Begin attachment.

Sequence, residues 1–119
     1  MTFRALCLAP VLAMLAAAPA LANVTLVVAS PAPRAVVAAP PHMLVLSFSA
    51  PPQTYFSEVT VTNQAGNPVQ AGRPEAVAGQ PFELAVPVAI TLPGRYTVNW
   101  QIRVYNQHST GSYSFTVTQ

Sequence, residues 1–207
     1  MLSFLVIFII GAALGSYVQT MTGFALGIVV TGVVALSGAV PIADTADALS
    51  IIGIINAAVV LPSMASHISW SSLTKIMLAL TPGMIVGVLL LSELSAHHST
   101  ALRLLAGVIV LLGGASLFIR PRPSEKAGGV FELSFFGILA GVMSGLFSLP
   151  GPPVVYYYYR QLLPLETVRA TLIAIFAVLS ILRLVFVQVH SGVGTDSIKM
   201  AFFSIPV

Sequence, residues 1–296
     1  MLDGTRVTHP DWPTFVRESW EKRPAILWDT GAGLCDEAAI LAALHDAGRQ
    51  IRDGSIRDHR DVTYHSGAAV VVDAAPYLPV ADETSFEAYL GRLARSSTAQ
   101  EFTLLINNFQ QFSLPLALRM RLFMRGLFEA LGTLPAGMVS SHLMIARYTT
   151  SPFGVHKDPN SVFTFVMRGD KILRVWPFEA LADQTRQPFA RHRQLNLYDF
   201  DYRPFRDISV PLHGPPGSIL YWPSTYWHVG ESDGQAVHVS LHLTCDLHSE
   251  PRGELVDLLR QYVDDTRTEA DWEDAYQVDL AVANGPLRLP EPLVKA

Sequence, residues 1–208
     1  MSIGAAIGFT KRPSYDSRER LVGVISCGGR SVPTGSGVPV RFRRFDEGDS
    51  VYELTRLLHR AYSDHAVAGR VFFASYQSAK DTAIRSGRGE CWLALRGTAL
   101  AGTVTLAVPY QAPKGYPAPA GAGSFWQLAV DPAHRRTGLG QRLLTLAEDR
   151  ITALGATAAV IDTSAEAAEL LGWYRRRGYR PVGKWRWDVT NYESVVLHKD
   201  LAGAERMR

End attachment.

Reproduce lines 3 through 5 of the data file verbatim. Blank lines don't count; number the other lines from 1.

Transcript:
    51  PPQTYFSEVT VTNQAGNPVQ AGRPEAVAGQ PFELAVPVAI TLPGRYTVNW
   101  QIRVYNQHST GSYSFTVTQ

Sequence, residues 1–207